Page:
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Why You Should Set Goals In Your Relationship and Where to Start

Why You Should Set Goals In Your Relationship/Marriage and Where to Start

When it comes to setting goals, we typically focus on health goals, financial goals, personal development goals, career goals, and so on. One area we may not even consider needing to set goals in is in our relationships. If you have a life/domestic partner or spouse, there’s value in sitting down together to set goals in your relationship.

Goal setting plays a role in just about every facet of life. We set goals to improve our health, accomplish projects at work, beef up our savings accounts, and so much more. Whether it’s reading a certain number of books per year, taking a specific amount of steps per day, or getting a particular number of hours of sleep per night, goal setting keeps us on track to living a healthy and productive lifestyle.

Think about what you want to achieve in your life together. Are there certain goals that you both find important? Ones you disagree on?

Make a list of what you hope to achieve both individually and together and share your goals with one another. Some might be in opposition of each other, some might be on the same exact page, and some might be wildly random altogether.

This is a great exercise in an effort to reassess where you hope your relationship is going. If you’ve already committed to living life together, this exercise will merely ensure you’re both getting what each of you needs out of your relationship. It’s crucial to voice your wants and needs, and your partner should do the same, so that you each can bring your best selves into your relationship or marriage.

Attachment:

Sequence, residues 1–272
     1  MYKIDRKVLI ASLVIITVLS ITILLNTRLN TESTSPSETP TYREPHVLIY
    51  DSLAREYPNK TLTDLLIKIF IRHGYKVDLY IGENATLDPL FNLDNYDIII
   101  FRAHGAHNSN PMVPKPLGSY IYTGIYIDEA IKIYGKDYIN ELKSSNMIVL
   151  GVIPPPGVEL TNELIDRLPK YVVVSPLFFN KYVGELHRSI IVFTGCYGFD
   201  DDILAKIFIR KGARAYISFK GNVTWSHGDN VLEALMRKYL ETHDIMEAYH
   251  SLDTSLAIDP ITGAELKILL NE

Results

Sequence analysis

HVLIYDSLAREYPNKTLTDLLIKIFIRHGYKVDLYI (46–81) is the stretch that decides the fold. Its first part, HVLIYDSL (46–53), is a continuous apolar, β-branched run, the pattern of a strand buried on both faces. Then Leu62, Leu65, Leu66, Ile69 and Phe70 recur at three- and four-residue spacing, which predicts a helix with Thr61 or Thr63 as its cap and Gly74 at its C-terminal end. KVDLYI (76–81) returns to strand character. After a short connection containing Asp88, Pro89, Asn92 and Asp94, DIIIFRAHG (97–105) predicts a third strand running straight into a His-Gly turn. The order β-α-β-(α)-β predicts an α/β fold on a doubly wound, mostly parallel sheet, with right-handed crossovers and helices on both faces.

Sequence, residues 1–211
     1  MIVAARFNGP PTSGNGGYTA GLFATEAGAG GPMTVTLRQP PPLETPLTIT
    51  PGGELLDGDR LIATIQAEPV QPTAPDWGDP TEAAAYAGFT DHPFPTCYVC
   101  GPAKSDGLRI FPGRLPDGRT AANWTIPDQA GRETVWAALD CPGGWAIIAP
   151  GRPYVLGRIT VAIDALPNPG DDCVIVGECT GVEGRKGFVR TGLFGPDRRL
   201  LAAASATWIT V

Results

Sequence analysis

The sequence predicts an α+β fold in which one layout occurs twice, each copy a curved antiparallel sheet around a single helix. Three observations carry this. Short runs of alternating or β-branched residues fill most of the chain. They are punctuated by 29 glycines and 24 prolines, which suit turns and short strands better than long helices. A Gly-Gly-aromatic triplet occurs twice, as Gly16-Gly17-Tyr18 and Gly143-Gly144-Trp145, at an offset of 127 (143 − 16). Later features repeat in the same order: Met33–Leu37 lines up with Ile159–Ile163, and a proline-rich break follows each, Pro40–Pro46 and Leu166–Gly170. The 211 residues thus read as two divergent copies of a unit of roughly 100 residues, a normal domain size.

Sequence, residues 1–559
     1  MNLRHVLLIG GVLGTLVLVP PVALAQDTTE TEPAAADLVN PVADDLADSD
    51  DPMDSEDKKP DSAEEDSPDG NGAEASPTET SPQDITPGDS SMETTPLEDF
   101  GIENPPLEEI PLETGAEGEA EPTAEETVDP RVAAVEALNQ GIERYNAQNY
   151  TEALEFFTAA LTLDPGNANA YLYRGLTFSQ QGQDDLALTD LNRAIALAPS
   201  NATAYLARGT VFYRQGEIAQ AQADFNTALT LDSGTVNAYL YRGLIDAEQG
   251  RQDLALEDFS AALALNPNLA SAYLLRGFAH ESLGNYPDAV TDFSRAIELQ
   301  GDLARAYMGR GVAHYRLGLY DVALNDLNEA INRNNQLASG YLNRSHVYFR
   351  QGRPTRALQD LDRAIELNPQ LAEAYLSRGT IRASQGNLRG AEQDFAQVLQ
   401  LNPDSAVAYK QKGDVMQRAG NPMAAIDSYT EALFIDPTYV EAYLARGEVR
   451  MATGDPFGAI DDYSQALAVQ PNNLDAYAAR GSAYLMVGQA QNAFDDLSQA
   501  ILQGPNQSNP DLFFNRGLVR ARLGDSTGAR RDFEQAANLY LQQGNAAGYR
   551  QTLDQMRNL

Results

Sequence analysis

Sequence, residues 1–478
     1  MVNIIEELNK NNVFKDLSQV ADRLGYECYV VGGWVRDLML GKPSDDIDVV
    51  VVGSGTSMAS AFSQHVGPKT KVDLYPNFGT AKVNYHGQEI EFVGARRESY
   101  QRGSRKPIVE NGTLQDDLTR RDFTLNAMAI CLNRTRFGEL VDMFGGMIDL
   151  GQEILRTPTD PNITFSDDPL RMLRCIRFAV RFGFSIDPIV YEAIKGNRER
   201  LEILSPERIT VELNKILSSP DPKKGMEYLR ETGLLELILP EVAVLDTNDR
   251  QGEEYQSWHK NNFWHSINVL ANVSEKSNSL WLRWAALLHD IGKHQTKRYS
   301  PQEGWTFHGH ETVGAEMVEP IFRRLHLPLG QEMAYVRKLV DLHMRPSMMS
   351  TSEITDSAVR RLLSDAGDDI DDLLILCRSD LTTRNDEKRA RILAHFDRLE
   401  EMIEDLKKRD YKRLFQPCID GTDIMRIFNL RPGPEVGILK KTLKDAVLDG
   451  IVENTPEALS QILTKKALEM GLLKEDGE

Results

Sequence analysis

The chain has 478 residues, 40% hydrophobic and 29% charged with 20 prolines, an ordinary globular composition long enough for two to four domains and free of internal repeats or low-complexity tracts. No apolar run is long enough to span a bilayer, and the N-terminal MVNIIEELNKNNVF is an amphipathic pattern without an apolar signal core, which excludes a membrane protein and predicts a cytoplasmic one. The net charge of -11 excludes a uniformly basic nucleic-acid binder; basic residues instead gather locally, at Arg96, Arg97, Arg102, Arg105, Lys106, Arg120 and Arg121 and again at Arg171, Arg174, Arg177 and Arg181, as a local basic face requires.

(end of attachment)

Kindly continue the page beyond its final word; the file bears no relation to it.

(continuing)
Not sure where to begin? Here are a few types of goals you might want to set with your significant other (or at least think about) to get started:

We want to save up X dollars by X date.

Finances are the source of a lot of tension between couples. Sometimes one person is a bit tighter with the purse strings than the other.

If you and your partner have differing spending and saving habits, sit down together and review your finances. Take a hard look at both of your incomes and how you’re each spending money. Is most of your money covering bills? Are there areas you can scale back?

Set a financial goal (or even a series of micro goals) that suit the lifestyle you share. That might mean going out to dinner once a month instead of once a week, for example. When you bring awareness to where your money is going, you’ll have a better idea of how you can save money for your future.

We want to live in X type of home by X date. 

Maybe you and your partner do not yet live together. Perhaps you do, but you’re in a temporary apartment. Maybe you own a home but you know you’re going to outgrow it and need to upsize.

Whatever living situation you and your partner currently find yourselves in, now is as good a time as any to think about what comes next. What does your timeline look like to move? Would you stay in the same town/area, or move somewhere completely different? Do you want to rent or own?

Figuring out what your shared goal is now will only help you later. And no doubt, any goal you set around your living situation will be one that affects your finances.

We want to start a family by X date OR we don’t want to have a family. 

Family planning is another biggie. Whether you know you want a family, or you’re deeply certain having a family of your own is not important to you, talking it out with your partner is a must. You need to make sure you’re on the same page.